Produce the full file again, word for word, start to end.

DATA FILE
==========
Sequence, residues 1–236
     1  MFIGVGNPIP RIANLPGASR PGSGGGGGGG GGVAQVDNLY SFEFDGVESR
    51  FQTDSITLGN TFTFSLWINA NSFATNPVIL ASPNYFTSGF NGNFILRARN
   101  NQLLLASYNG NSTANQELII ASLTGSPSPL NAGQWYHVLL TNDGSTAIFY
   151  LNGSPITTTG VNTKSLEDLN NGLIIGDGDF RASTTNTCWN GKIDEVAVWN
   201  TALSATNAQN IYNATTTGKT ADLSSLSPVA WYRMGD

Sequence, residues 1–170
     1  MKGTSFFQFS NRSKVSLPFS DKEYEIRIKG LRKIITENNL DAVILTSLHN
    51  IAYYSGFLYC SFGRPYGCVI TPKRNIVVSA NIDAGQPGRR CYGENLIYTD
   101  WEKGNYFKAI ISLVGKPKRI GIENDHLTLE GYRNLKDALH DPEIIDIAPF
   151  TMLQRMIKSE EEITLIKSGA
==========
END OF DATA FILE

Sequence, residues 1–236
     1  MFIGVGNPIP RIANLPGASR PGSGGGGGGG GGVAQVDNLY SFEFDGVESR
    51  FQTDSITLGN TFTFSLWINA NSFATNPVIL ASPNYFTSGF NGNFILRARN
   101  NQLLLASYNG NSTANQELII ASLTGSPSPL NAGQWYHVLL TNDGSTAIFY
   151  LNGSPITTTG VNTKSLEDLN NGLIIGDGDF RASTTNTCWN GKIDEVAVWN
   201  TALSATNAQN IYNATTTGKT ADLSSLSPVA WYRMGD

Sequence, residues 1–170
     1  MKGTSFFQFS NRSKVSLPFS DKEYEIRIKG LRKIITENNL DAVILTSLHN
    51  IAYYSGFLYC SFGRPYGCVI TPKRNIVVSA NIDAGQPGRR CYGENLIYTD
   101  WEKGNYFKAI ISLVGKPKRI GIENDHLTLE GYRNLKDALH DPEIIDIAPF
   151  TMLQRMIKSE EEITLIKSGA